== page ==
Inferiority Complex and Superiority Complex
What Inferiority Complex and Superiority Complex means and where it comes from.
So we all go through moments in life where we feel good about ourselves and feel proud of what we’ve achieved and similarly moments where we feel down, doubt our abilities and lack self-confidence. However, your reaction to both situations, can tell you so much about yourself.
Some people go through difficulty or something that makes them feel bad about themselves and will do something to motivate themselves or change how they feel, whereas others struggle to get out of that slump and place blame on themselves and others for why they feel this way.
Psychoanalyst Alfred Adler researched why there are some people who feel low or insecure yet lack the motivation to change the way they feel and can’t work towards their goals in life. As a result of his research, Alfred introduced the term inferiority complex, which, according to the American Psychological Association, is “a basic feeling of inadequacy and insecurity, deriving from actual or imagined physical or psychological deficiency.” This means a person who has an inferiority complex will feel inadequate or insecure because of real or imagined flaws in themselves over a long period of time.
Not only can this severely impact a person’s enjoyment in life it can also heavily affect relationships with others.
On one side you have inferiority complex and then on the opposite side you have superiority complex. A person who is overly boastful, thinks highly of themselves and believe they are above others in all, or most aspects of life are those who psychoanalyst Alfred Adler would class as having superiority complex.
Adler concluded that an inferiority complex was focused on weakness and hides real aspirations and capabilities. There are some common signs you can look out for that indicate inferiority complex –
- Constantly thinking about their flaws and mistakes that they have made.
- Talking negatively to themselves out of guilt, embarrassment, or shame.
- Feeling unworthy or undeserving of good things.
- Repetitively comparing themselves to others.
- Projecting their insecurities on others, by bringing them down and highlighting their flaws.
- Constantly seeking attention or reassurance.
- Hate taking part in competitions or taking risks as they might be compared to others.
- React aggressively when losing and want to quit and hide themselves away.
In comparison, a superiority complex was an overexaggerated sense of self-worth and hides any insecurities or feelings of being mediocre. The most common signs of a superiority complex include –
- Has a very high opinion of themselves.
- Always boasting about their accomplishments.
- Believing they are smarter and better than others.
- They are not willing to listen to the views of others.
- They have a strong need to control everything and make conversations all about themselves.
- If they are not the center of attention they get bored and want to leave.
- Constantly reacting in extreme ways, for example, they are full of anger when others question their abilities.
- They struggle to listen to criticism even if it is from people of authority.
- Sense of entitlement even if they haven’t worked for something.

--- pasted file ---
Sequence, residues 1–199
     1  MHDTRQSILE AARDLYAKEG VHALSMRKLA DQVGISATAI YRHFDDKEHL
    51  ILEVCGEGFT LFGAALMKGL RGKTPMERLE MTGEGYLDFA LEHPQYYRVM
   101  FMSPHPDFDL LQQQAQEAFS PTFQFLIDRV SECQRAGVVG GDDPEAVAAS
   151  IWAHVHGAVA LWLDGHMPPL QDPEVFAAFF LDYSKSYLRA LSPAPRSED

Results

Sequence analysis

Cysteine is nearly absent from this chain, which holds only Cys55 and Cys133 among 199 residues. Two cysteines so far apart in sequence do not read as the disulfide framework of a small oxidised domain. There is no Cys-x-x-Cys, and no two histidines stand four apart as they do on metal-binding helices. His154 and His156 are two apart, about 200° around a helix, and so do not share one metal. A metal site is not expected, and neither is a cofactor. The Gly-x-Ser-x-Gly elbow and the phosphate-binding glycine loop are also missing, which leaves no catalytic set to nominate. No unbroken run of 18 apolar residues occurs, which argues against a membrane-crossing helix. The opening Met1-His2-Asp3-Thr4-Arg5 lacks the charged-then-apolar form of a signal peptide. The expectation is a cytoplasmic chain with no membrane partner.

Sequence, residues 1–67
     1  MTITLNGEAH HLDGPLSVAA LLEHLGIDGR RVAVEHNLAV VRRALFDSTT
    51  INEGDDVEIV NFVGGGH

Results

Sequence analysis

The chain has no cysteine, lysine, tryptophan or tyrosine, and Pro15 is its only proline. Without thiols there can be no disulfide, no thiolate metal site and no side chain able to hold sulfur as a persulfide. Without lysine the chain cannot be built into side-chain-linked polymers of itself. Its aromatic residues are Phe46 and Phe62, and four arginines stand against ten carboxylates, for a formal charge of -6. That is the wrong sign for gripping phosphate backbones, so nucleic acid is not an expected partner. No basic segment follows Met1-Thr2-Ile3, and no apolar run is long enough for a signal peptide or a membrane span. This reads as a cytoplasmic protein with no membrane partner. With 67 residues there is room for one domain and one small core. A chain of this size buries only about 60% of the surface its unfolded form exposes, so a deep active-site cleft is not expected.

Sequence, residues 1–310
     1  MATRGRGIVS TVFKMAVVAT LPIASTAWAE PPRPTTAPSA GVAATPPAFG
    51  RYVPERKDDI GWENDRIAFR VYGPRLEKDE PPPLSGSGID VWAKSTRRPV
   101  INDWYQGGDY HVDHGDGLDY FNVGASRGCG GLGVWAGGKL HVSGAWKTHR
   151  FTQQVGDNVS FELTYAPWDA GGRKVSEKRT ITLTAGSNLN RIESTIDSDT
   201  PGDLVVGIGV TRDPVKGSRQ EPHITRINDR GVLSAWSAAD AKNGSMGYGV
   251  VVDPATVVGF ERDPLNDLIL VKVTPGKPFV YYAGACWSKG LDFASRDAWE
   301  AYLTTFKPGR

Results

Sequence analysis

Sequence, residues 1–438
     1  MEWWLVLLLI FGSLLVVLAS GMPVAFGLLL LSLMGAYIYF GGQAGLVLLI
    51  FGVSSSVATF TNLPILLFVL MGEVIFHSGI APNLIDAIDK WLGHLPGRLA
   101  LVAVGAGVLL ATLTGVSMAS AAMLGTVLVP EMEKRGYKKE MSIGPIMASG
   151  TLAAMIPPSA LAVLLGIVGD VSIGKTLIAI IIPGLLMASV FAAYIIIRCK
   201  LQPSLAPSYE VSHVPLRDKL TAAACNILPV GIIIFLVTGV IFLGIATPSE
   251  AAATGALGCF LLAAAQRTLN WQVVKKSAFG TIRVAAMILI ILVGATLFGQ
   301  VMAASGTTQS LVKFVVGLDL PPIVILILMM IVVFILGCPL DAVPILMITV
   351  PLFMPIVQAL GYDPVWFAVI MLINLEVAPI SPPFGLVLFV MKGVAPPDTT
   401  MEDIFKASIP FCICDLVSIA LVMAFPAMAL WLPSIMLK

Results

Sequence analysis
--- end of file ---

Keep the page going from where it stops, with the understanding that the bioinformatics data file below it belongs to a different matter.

Although the signs of both inferiority complex and superiority complex are clearly different, the reasons why a person exhibits either complex are a little similar. Here are a few causes that lead up to an inferiority complex –
- X 4 Demeaning childhood – If a person grew up being told “you’re stupid”, “you can’t do anything right” or “you’re ugly”, “you’re disappointment” “you embarrass me”, these harsh comments stay with them for a lifetime. They may not consciously think about it, however, those experiences will shape how they see themselves and this leads up to the guilt, shame and embarrassment over the smallest of things. It’s easier to believe something you’ve been told at such an impressionable age. Rather than seeing yourself for the amazing, capable person you are – these old deep rooted beliefs may come up
- I can definitely relate to this, until I had a personal breakthrough session done on my 15 years ago, I had so many limiting beliefs about myself and my looks. Even though I could see my achievements, I had no faith that I would be able to continue to accomplish. I was insecure in my personality, looks, and job despite being a high achiever.
- Unrealistic societal expectations – Depending on where you live and your social network, your friend, family and work circles you may feel inferior or inadequate if you believe that others are better. For example in cosmopolitan cities it’s the norm for people to have manicures, dental veneers and the Hollywood smile, botox and plastic surgery to look good and fit in. It can also be the norm to have a high paid job, certain level of education, live in a certain area and drive a type of car. Those with an inferior complex may be more susceptible to keeping up with the Jones’s and comparing themselves with their networks picture perfect life on social media. This is where social media can create extra pressure and a sense of not being good enough. All comparing can leave people to feel inadequate, insecure and the urge to fix themselves. The advertising industry doesn’t help much either with the picture perfect models and their material possessions sharing if you buy this you will be happy. That is why in my individual breakthrough program I make sure that we get to the root of all the beliefs of not feeling good enough and remove them, so a person can feel free and happy.